add_index :my_tables, :uuid, unique: true, length: {:uuid=>23}
  # index name is supposed to be: "index_my_tables_on_uuid"
end

Table already exists


# Firstly, manually delete the database, e.g. my_test

RAILS_ENV=test bundle exec rake db:create
RAILS_ENV=test bundle exec rake db:migrate
# RAILS_ENV=test bundle exec rake db:populate # test doesn't need population?

ActionController

Parameters

permit

apidock.com: permit.



params = ActionController::Parameters.new(user: { name: 'Francesco', age: 22, role: 'admin' })
permitted = params.require(:user).permit(:name, :age)
permitted.permitted?      # => true
permitted.has_key?(:name) # => true
permitted.has_key?(:age)  # => true
permitted.has_key?(:role) # => false. Only permitted scalars pass the filter.

#----------

params = ActionController::Parameters.new({
  person: {
    contact: {
      email: '[email protected]',
      phone: '555-1234'
    }
  }
})

params.require(:person).permit(:contact)
# => {}
# You also need to specify which attributes inside the hash should be whitelisted. So the the following works:

params.require(:person).permit(contact: :phone)
# => {"contact"=>{"phone"=>"555-1234"}}

params.require(:person).permit(contact: [ :email, :phone ])
# => {"contact"=>{"email"=>"[email protected]", "phone"=>"555-1234"}}

ActionView

Helpers

AssetTagHelper

javascript_include_tag

apidock.com: javascript_include_tag.

Relative paths are assumed to be relative to "assets/javascripts", full paths are assumed to be relative to the document root.



javascript_include_tag "xmlhr"
# => <script src="/assets/xmlhr.js?1284139606"></script>

javascript_include_tag "common.javascript", "/elsewhere/cools"
# => <script src="/assets/common.javascript?1284139606"></script>
#    <script src="/elsewhere/cools.js?1423139606"></script>

javascript_include_tag "http://www.example.com/xmlhr"
# => <script src="http://www.example.com/xmlhr"></script>

CaptureHelper

content_for



<% content_for :not_authorized do %>
  alert('You are not authorized to do that!')
<% end %>

#----- You can then use content_for :not_authorized anywhere in your templates.
<%= content_for :not_authorized if current_user.nil? %>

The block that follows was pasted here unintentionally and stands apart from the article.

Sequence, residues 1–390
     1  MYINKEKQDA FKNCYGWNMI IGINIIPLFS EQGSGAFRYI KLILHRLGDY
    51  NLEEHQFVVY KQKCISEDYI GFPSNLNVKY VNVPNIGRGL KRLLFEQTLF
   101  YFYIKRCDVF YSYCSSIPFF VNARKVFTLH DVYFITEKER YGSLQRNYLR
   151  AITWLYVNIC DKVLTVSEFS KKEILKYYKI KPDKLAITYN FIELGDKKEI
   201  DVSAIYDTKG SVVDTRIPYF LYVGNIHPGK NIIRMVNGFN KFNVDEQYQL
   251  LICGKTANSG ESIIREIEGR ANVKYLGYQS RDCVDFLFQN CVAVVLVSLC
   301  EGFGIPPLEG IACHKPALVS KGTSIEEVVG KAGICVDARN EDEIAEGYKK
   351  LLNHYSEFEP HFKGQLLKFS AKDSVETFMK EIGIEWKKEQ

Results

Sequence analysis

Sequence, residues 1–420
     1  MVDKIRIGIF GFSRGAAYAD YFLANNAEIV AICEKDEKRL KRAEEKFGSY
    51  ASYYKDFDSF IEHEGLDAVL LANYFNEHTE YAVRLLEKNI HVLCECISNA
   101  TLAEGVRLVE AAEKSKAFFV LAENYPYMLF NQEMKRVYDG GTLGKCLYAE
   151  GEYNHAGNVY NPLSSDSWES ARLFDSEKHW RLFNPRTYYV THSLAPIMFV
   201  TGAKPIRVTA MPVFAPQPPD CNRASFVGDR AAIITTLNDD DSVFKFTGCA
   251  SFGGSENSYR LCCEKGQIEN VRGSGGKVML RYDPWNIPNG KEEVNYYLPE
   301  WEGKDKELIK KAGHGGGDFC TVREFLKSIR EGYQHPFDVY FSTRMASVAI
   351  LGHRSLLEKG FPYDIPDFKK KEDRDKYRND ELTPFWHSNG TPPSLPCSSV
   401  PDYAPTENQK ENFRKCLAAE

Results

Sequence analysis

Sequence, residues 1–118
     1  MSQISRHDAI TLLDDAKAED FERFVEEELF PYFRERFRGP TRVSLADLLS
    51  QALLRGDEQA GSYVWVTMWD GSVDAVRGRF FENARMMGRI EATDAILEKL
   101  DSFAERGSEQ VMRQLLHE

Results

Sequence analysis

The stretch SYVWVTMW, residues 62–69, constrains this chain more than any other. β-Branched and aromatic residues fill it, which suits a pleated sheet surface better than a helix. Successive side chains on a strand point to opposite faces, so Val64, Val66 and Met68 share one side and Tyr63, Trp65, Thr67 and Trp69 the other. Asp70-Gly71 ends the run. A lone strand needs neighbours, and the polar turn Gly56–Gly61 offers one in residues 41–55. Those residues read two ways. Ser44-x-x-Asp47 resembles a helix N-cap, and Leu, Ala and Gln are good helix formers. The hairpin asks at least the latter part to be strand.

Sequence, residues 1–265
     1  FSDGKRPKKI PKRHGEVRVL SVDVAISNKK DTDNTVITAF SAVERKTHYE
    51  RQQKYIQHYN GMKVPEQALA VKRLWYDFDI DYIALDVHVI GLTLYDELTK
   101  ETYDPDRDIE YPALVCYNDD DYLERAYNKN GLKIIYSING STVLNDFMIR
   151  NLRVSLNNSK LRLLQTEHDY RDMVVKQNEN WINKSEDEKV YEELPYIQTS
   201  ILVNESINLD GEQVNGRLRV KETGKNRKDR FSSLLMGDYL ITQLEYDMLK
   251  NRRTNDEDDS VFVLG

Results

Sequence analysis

# This is equivalent to:
<%= yield :not_authorized if current_user.nil? %>
# But calling yield doesn’t work in helper modules, while content_for does.

#----- content_for, however, can also be used in helper modules.

module StorageHelper
  def stored_content
    content_for(:storage) || "Your storage is empty"
  end
end

# This helper works just like normal helpers.
<%= stored_content %>

ActionDispatch

rubyOnRails: match.



# Expose your action to both GET and POST, use:
# sets :controller, :action and :id in params
match ':controller/:action/:id', via: [:get, :post]

# Instead of:
match ":controller/:action/:id"
# Do:
get ":controller/:action/:id"

# A pattern can also map wildcard segments (globs) to params:
get 'songs/*category/:title', to: 'songs#show'
# 'songs/rock/classic/stairway-to-heaven' sets
#  params[:category] = 'rock/classic'
#  params[:title] = 'stairway-to-heaven'

Request



# actionpack-4.2.7.1/lib/action_dispatch/http/request.rb
def raw_post
  unless @env.include? 'RAW_POST_DATA'
    raw_post_body = body
    @env['RAW_POST_DATA'] = raw_post_body.read(content_length)
    raw_post_body.rewind if raw_post_body.respond_to?(:rewind)
  end
  @env['RAW_POST_DATA']

ActiveRecord

queries

pluck



Person.pluck(:id)
# SELECT people.id FROM people
# => [1, 2, 3]

Person.pluck(:id, :name)
# SELECT people.id, people.name FROM people
# => [[1, 'David'], [2, 'Jeremy'], [3, 'Jose']]

Person.pluck('DISTINCT role')
# SELECT DISTINCT role FROM people
# => ['admin', 'member', 'guest']

Person.where(age: 21).limit(5).pluck(:id)